Weaving Indigenous Knowledge into Agriculture
This article follows a panel discussion convened by Inspiring the ACT and the Royal Society of Victoria (supported by Inspiring Victoria) during National Science Week on 13th August 2021 titled “Indigenous Food and Agriculture”. The panel featured Uncle Dave Wandin (Wandoon Estate Aboriginal Corporation), Luke Williams (RMIT University), Auntie Kerrie Saunders (Yinarr-ma), and Joshua Gilbert (Chares Sturt University), and was Chaired by Associate Professor Bradley Moggridge (University of Canberra).
We have a responsibility to care for land
With bush foods growing and backburns planned
First Nations People know Country best
We should listen to them because it now is stressed
A sustainable way forward is to eat bush food
Plants that happily grow at this latitude
They are tasty and wholesome, quite a good treat
Working together, climate change we can beat
In a Welcome to Country, Uncle Dave Wandin introduced us to Bunjil the Creator’s First Law of Country: that our mothers look after and nurture us early in life, and that we should take care of them later in life as they grow older and weary. Not only does this apply to our biological mothers, but also the spirit of mother. Here, that is Naarm. The spirit of Naarm is older than humans and it is getting tired.
‘The only way we’ll heal Country is by walking together,’ he says.
Uncle Dave is a Wurundjeri Fire Elder, using fire on the landscape to sustain and maintain Country. He has brought cultural burning back to Coranderrk Station near Healesville, after the Wurundjeri people were forced off the land for nearly a century. Following much neglect, the property was covered in weeds, and native seeds had struggled to germinate because of introduced pasture grasses for cattle. Uncle Dave used a series of carefully controlled burns to promote the growth of native seeds and clear away the pervasive weeds. It took eight weeks to clear the 800m driveway alone, but now the land is bouncing back.
Trees are growing at their own pace and are being helped by the Indigenous students Uncle Dave teaches. Birdsong now fills the air, and wombats, wallabies, echidnas, and other animals have returned. Native plants require little work and fewer resources compared to introduced crop species, making them more sustainable as a food source in agriculture. In addition to teaching students to care for Country, Coranderrk will also be producing food over the next two years. Landowners should be learning from cultural knowledge holders so that Victoria’s native plants and wildlife are conserved for future generations – just like they are on these 200 acres.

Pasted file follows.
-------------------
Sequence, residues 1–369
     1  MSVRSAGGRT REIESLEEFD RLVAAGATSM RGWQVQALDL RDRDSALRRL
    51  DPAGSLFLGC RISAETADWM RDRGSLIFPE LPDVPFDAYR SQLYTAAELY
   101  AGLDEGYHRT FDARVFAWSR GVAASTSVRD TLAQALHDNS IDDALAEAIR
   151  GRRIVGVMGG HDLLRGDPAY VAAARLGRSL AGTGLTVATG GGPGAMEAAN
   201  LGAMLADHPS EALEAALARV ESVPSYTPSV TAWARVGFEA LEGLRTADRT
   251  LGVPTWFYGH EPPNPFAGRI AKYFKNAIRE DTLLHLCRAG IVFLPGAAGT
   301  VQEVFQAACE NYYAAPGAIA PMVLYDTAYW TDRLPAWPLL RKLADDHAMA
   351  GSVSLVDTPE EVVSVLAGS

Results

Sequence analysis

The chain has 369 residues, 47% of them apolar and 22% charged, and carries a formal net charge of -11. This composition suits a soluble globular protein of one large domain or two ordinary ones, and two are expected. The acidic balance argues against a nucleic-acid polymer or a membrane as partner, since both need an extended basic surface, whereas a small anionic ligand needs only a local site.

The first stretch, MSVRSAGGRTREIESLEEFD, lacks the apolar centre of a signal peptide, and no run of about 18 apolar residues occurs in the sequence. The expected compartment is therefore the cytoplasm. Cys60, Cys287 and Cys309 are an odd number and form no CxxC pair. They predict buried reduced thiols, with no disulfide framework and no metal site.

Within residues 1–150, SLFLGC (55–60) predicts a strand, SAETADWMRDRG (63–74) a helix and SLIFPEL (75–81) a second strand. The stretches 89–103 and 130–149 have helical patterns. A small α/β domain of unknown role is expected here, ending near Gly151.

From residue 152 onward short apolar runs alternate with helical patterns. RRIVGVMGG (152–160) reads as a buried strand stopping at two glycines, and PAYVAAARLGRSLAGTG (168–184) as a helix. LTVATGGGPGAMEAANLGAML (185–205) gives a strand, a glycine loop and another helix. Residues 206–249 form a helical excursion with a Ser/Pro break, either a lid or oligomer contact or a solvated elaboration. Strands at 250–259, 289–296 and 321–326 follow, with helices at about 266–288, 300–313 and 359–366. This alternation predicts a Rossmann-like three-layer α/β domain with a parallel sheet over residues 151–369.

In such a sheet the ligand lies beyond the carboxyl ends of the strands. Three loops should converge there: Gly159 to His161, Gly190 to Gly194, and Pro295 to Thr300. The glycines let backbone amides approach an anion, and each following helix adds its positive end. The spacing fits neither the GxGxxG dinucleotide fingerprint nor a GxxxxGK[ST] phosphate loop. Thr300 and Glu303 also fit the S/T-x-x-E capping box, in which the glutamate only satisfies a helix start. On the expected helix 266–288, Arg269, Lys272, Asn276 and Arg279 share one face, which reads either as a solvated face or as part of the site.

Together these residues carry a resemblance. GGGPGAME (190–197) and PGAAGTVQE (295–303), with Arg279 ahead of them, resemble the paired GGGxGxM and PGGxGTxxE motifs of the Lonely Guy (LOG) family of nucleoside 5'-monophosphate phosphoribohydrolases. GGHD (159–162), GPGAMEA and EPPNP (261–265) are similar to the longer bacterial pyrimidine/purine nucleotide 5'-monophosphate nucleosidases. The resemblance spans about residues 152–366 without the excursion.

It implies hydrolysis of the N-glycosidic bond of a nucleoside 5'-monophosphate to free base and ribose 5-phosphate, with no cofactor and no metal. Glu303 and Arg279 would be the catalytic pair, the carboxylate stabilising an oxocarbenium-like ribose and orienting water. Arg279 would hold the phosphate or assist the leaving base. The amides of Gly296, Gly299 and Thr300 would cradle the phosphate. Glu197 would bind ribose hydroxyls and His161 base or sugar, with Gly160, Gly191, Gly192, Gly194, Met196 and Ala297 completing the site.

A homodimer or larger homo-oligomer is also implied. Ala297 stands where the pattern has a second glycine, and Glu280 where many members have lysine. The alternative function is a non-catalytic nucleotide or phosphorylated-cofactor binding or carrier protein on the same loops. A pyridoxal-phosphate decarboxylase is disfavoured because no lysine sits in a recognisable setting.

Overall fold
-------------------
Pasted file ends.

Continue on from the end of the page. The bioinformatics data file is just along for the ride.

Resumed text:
To get more bush foods on the market, however, they first need to be approved by the national food regulatory body. Food Standards Australia and New Zealand (FSANZ) currently does not recognise thousands of years of Indigenous knowledge and song lines as evidence of safe consumption. Luke Williams, a proud Gumbaynggirr descendant, is working with FSANZ alongside Aboriginal businesses and organisations to change this. He studies the bioactivity (effect in our bodies) and toxicity of bush foods and is helping to develop new regulatory frameworks to assess the dietary safety of traditional foods that better consider the unique history, knowledge and culture held by First Nations people.
‘These foods might be new for the Western ways, but it’s old Knowledge for the Mob,’ commented Associate Professor Bradley Moggridge.
Kamillaroi/Gomeroi woman Auntie Kerrie Saunders showcases bush tucker found around Moree in northern NSW. What started out as a hobby for both gardening and bushwalking became a business conducting bush tucker tours (Yinarr-ma). Auntie Kerrie takes people on walks, pointing out medicinal and food plants, and prepares meals for guests with them. One of her favourite foods to serve is bush pizza; with a ganalay seed flour base and a topping of galan galaan (native spinach) and buuy buuy (river mint) ricotta.
While the tiny ganalay seed grains work well in damper and pizza, Aunty Kerrie has found it more challenging to produce bread with them. Similarly, weeping grass is a native rice grain that is too small to be commercially viable. However, Uncle Dave pointed out that the first-known leavened bread was made by the Ancient Egyptians who worked with grains just as small – it was over time that they became larger and more productive. Furthermore, these native seeds were larger 200 years ago, when they were still being looked after by Traditional Custodians of the land prior to the interruption of European invasion. Uncle Dave and Aunty Kerry hope that with careful agricultural husbandry, native seeds will hit the market. (After all, quinoa is tiny but has been branded as a superfood!)
But when they do, it is important that Traditional Knowledge holders are properly acknowledged. Farmer, academic and Worimi man, Joshua Gilbert, warns that they currently only receive 1-2% of revenue from the commercial bush food space. He believes that despite being the first farmers in the world, Indigenous knowledge and wisdom of our agricultural landscape is often ignored. There are 6,500 types of native foods, but there are many barriers to First Nations people commercialising them. Joshua is therefore an advocate for boosting their representation in the agricultural sector. The good news is that 40% of the land mass has been returned to Traditional Custodians, and now with a formalised commercialisation and export strategy for native foods, the opportunities for Indigenous producers are endless.
The Australian population is continuing to grow, demanding more food and resources, but climate change is already taking a toll on the agricultural industry. We need to listen to traditional knowledge and revitalise cultural ways of taking care of the land if we are to maintain another 65,000+ years of sustainable agriculture.